I wish to commend you, Mr Prime Minister, for the great job you are doing in improving Albania. Also I would like to praise you for the commitment that you and your government have shown in undertaking the celebration of our Independence Day on November 28th.
I am an Albanian citizen who currently lives abroad and would like to bring to your attention a name that was erased from Albania’s memory during the Communist regime. This forgotten name is that of Colonel Aubrey Herbert. He was an English aristocrat, an MP and an Colonel in the British army during the First World War.
I would like to list some of the great historic moments in which this noble gentleman was involved. Firstly, that of Albanian Independence. Under his personal influence and support Albania managed to become a member of the League Nations on 17 December, 1920. This was the greatest achievement for a country which had, until then, never been recognised by Western Powers as independent.
Colonel Herbert had two big barriers to overcome in his work for Albania, during which Albania’s very existence was at risk.
Firstly, the complete ignorance of foreign diplomats and politicians about Albanians.
Secondly, the conflict between Albanians’ interests, and those of the rest of the Balkans against Albanians.
Aubrey Herbert, with his intelligence as a politician and the love he had for Albanians, in a speech given in June 1914, challenged the House of Commons and the up-to-then followed policies of the British Foreign Ministry of the Britain to start following romantic-liberal principles. The romantic-liberal principle was to give support small nations and nations that were victimised by not receiving support from western powers. In one of the speeches he gave in Parliament, he insisted that Britain protected a nation that was fighting to protect its language and liberty. He continued his speech, arguing for the principle of equality, saying “the same sympathy should be extended to Albania as has been extended to other countries of the Balkans.”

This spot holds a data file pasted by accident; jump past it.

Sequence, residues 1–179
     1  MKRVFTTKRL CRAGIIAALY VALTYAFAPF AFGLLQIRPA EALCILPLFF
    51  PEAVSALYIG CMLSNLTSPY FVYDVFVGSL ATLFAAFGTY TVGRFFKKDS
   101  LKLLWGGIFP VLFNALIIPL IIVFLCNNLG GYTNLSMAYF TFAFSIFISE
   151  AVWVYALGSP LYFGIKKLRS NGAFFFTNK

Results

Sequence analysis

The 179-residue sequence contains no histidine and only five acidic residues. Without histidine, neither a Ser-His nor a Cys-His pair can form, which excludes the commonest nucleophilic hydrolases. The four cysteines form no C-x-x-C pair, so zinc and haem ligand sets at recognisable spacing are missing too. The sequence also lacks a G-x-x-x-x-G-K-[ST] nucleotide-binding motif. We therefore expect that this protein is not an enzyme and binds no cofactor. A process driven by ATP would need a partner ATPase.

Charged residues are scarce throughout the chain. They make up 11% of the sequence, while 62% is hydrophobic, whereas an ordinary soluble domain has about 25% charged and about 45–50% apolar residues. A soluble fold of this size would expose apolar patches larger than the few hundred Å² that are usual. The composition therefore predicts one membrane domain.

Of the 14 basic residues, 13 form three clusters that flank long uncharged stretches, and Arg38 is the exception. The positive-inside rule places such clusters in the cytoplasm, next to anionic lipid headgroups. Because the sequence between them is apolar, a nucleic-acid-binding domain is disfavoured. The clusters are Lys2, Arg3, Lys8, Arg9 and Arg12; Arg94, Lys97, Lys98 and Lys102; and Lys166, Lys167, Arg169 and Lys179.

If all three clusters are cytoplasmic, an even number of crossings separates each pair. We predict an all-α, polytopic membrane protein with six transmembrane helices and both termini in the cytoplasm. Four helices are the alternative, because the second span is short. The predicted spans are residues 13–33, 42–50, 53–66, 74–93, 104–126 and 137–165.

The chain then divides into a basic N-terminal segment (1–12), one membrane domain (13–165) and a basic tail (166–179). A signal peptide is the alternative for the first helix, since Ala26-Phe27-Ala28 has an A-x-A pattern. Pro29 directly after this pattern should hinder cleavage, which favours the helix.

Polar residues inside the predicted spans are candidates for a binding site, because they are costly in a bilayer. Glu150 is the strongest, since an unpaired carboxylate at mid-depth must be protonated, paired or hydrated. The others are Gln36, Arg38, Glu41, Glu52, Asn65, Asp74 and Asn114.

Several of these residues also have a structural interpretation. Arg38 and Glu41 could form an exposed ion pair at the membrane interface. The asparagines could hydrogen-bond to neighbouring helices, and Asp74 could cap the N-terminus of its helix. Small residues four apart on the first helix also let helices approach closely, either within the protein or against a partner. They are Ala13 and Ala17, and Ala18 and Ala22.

Colonel Herbert was close to Albanians and a champion of the Albanian cause from the first moment he met them. In another speech in Parliament he says, “You can rely upon him when an Albanian has given his word; you can repose confidence in his honour as you would in the good faith of an English officer.” He was the greatest friend of Albanians from 1912-1924.
Dear Kryeminister, I would like to add that, not only was his contribution key to Albanian Independence, but even his family assisted Albania through humanitarian support. His family and his mother helped to save hundreds, maybe even thousands, of Albanians from hunger and illness. His son Auberon Herbert was one of those who helped people in exile from Eastern European countries, including Albanians. His daughter Bridget Herbert, who died in 2004, kept open house for Albanians.
His family kept his dream going until 1943. His mother and his wife, in his memory, founded the Albanian Relief Fund, which was to help in the welfare of the people and to support different projects in Albania. This association helped in building and supplying the hospital in Vlore and started bonification of marshlands in order to reduce the number of people falling ill with malaria.
The Herbert name was well known in Albania. A village was even created under the name Herbert, where Kosovo refugees lived in May 1925. Lady Carnarvon created the Library in Tirana and named it after Aubrey Herbert in 1929. Edith Durham, who worked together with Herbert in the Albanian cause, said “you can’t find a name with more prestige than Herbert”. His wife Mary Herbert created an organisation under the name of the Anglo-Albanian Association, to replace the Albanian Committee for which Aubrey was the chairman.
I would like to end this letter, Mr Prime Minister, with a a paragraph which is maybe rather sad, but let’s hope that time is the best medication to heal the most painful of wounds! Colonel Herbert came to Vlore in September, 1913. One day a crowd of people went to his lodgings and started crying “Oh Paladin of Liberty, our grandsons will bless your name.” He was very touched by this and wrote to his brother, “Albanians are saying that their grandsons will bless my name.” As we all know now, the Albanians that promised him that were not in the position to remember his name afterwards because the Communist regime erased everything that he and his family had done. Perhaps the coming celebration of the Independence of Albania of this November would enable us to keep the promise made to him ninety-nine years ago. The Albanians who made that promise to him loved the liberty he helped to win for them, and their grandson today must hear his name again. If, they heard of his exploits then it would be forever carved in the hearts of every Albanian, wherever they are today.Thus, Colonel Herbert’s name should never be erased from the hearts of a nation that he loved until the day he died.